OCR Interpretation

The Topeka state journal. [volume] (Topeka, Kansas) 1892-1980, July 06, 1894, NIGHT EDITION, Image 1

Image and text provided by Kansas State Historical Society; Topeka, KS

Persistent link: https://chroniclingamerica.loc.gov/lccn/sn82016014/1894-07-06/ed-1/seq-1/

What is OCR?

Thumbnail for

r v : F. ... -
f I
f 7
. i
ft l
n A
Attack an Incoming Train ia
Chicago Suburbs.
Peputy Marshals Fire on the
Frenzied Throng.
A NuC.cr Are Wounded Mol
Becomes Wild,
Totally Wr;eks the Train and
In All Parts of the Railroad
The Mobs Grow 31 ore Lawless
Every Hour.
Chicago, July G. The day opened
threateningly, and ominous signs were
visible everyvhere in Chicago. At an
early hour this morning mobs began to
assemble atot.t the junction points of
roads, and before 9 o'clock it was evident
that a great battle for supremecy was on.
Mayor Hopkins telegraphed hastily to
the governor ns-kioj for five regiments
of militia to .iid Liin in preserving the
peace. Thousands of people gathered
at Kensington, a suburb adjoining the
town of Puilmari and the junction of
the ilichigan Central and the Illinois
Central lines. There were no troops
there, .but the tracks were guarded by a
small company o United States mar
shals. Very soon a milk train arrived on
its way to Chicago and this was the
signal for hostilities to begin. The mob
began an assault and were met with
great vigor, by the marshals, who began
tiring niraost instantly. Two of the I
rioters were k lied outright and a number ;
w ere wounded. j
A mad frenzy seized the people and i
they rushed in and seized the niiik train j
and began toppling the cars over. They
then detached the engiue and ran it off a :
half a mile on the track, stopped it, re- j
versed it and opened the throttle wide j
md. drove it back into the mass of over- j
turned freight car? striking the cars with
fearful force. A frantic appeal was sent ;
at once to Chicago for assistance and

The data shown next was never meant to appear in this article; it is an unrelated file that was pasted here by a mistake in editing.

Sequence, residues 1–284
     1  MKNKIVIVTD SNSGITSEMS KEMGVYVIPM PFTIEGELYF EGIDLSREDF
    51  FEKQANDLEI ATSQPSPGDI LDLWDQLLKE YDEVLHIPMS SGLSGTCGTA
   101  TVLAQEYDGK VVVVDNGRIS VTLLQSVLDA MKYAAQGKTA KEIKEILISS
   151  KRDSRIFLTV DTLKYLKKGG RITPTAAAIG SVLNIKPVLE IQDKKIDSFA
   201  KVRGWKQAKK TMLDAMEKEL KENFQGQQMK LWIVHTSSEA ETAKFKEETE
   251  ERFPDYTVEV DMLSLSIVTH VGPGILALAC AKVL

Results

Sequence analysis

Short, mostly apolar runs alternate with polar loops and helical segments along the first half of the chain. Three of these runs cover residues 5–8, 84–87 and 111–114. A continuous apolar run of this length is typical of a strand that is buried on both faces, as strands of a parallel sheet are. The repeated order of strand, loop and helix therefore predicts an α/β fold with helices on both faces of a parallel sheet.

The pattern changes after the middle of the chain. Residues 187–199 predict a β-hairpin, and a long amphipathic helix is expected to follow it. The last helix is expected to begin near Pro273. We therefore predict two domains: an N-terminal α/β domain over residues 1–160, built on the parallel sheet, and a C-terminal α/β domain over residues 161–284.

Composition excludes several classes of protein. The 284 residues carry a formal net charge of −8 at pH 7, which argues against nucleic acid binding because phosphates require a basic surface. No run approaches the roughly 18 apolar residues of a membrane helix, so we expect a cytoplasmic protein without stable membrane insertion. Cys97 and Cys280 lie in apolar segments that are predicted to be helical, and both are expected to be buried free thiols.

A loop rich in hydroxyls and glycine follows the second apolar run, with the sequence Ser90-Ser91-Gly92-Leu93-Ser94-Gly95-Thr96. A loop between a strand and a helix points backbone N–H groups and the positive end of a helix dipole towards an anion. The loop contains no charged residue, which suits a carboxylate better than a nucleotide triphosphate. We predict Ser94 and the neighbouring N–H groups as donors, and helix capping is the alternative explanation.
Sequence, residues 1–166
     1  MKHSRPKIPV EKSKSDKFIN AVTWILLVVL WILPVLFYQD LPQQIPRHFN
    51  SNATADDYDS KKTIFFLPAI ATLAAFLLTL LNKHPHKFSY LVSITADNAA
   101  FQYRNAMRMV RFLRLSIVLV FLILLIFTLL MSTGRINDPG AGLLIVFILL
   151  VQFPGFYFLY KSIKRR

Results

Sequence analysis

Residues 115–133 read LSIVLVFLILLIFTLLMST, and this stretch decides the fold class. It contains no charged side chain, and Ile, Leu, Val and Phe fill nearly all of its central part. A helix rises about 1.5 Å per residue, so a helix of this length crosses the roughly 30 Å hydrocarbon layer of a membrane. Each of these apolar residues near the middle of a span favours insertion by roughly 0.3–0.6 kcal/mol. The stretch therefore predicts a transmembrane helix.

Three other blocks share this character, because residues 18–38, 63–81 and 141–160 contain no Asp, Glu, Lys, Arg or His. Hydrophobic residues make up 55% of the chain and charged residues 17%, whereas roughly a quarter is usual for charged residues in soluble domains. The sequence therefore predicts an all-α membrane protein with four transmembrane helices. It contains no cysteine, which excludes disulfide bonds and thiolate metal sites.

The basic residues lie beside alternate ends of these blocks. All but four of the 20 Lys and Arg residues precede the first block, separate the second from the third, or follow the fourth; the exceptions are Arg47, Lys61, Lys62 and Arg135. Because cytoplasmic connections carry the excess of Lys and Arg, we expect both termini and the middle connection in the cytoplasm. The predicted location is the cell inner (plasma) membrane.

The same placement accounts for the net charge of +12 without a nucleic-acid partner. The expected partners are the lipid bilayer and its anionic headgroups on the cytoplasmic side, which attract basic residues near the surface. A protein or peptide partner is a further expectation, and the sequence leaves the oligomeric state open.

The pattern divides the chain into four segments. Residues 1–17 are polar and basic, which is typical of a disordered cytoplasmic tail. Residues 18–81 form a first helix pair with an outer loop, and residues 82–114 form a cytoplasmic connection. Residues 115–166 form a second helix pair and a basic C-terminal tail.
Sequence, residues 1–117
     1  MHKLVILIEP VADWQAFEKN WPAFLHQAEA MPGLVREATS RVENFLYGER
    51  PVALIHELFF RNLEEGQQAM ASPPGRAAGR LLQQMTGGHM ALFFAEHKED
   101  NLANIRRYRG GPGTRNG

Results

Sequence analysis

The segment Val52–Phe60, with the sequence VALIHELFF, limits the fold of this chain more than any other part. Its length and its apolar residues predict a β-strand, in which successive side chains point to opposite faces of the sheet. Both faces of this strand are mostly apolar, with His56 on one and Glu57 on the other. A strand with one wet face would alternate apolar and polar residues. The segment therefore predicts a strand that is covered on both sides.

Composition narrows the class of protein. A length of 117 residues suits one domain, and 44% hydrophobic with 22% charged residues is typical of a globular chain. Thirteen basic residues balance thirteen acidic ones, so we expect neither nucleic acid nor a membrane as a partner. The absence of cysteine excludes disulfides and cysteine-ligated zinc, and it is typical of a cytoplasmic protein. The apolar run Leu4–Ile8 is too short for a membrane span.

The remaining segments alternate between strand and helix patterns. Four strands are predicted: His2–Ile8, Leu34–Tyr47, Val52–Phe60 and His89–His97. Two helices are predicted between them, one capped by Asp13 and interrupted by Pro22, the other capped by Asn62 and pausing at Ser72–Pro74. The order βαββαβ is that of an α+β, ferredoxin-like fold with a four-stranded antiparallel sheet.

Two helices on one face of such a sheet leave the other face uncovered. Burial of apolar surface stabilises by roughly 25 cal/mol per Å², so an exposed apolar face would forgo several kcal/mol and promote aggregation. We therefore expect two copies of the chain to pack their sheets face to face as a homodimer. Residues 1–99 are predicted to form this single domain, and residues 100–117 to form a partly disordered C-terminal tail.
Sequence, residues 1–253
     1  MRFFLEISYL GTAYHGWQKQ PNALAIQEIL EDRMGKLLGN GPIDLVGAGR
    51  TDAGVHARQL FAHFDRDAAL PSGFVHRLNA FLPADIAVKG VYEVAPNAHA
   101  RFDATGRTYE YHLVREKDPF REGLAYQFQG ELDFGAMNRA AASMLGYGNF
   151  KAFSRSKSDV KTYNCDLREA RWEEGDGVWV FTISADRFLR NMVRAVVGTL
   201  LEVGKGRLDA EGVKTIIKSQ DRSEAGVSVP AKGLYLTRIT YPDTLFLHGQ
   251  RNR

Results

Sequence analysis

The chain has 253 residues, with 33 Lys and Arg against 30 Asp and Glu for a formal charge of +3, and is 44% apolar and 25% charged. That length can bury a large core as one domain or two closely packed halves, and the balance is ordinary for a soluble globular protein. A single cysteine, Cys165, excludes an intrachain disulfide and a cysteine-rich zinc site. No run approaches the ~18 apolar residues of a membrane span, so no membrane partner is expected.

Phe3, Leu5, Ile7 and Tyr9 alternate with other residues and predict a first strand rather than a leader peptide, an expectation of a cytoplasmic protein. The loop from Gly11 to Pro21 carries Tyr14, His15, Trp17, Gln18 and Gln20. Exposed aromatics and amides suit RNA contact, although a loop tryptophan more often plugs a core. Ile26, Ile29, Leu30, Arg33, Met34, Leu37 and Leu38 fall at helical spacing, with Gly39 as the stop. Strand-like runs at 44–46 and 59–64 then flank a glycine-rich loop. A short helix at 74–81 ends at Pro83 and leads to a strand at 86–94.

troops were d spa'.ehed to the scene.
Fifty tr!g!it Care Murned. j
At Buiiisk.e, a station three rnile3 i
near Chicago th in Kensington, fifty '
empty freight cars were standing upon
the track?. The mob sei lire to these and j
they were all practically destroyed.
Only a few of the south-bound roads )
attempted to dispatch trains and were j
waiting anxiously for developments, i
while the majority of the United Slates !
were calmly tenting in camp on the lake !
front waiting for the arrival of addi- j
tional troops from Fort Brady and Fort
These rami) in about 11 o'clock and 1
niaicupcl to the lake Iront and. went into
camp. The situation is better at St. Louis
today and more threatening at Chicago.
There is a general strike at Cleveland j
and 'he C. Sc 1'. road is tied up along its j
whole length. The Big Four is tied up j
Particular of the Kennlnton Riot.
Two strikers were killed outright and
others and tl ought to have been seri
ously injured in the riot in the Illinois
Central vardi at Kensington today. The
strikers began collecting on the tracks j
eaily, and at 10 o'clock 500 men were j
rushing up and down the yards over-
turning freight cars and destroying the ;
tracks in every manner possible. A force '
of about lot. I'. S. deputy marshals and j
Cook county deputy sheriffs were in the j
vicinity and charged the mob at various j
place, driviig small squads of men from j
the yards.
The strikers forces were rapidly re- !
cruited and oy half past ten, a thousand j
frautio men were howling ami throwing 1
htones over a stretch of tracks a.
mile in length. At that time the
Illinois Central milk train came steaming
plowly up fr ni the south attempting to
reach the city. The mob immediately
charged on it and in a trice the engine
was detached and the cars overturned.
The crew had already tied and the
strikers mounting the engine carried it
back a quarter of a mile, when opening
the throttle, they jumped from the cab
and the locc motive rushing f orward at
full speed, (.lushed into the wreck and
tore through the derailed cars until it
was thrown upon its side.
The Vlob iu Fall Control.
The crow 1 mounted the wreck with
exultant cheers and held high carnival
until toe fcrce of deputies prepared to
Af tney came on the run they
met with
shower of stones
and 4e'r-ag pins and halting, opened
lire. .Tut' a moment the mob wav
ered as the bullets cut their
the ranks, and then with a howl they
charged the little force of deputies,
which retreated to a safe distance to
await reinforcements. Police details
were hurried to the scene, and the riot
ers continued the derailing of cars while
waiting for the expjected attack, care
fully concealing the dead and injured
The idle mob resumed its work of de
struction at the stock yards this morning.
In the vicinity of Forty-third street and
Ashland a.'enuo cars were overturned,
switch ehj.nues burned and switches
tampered v--:t ;i. The police and deputies
effected li'tl3 restraint upon the lawless
throng. Tacre were no federal troops in
the neighborhood.
..lilliiK With Fire Wire.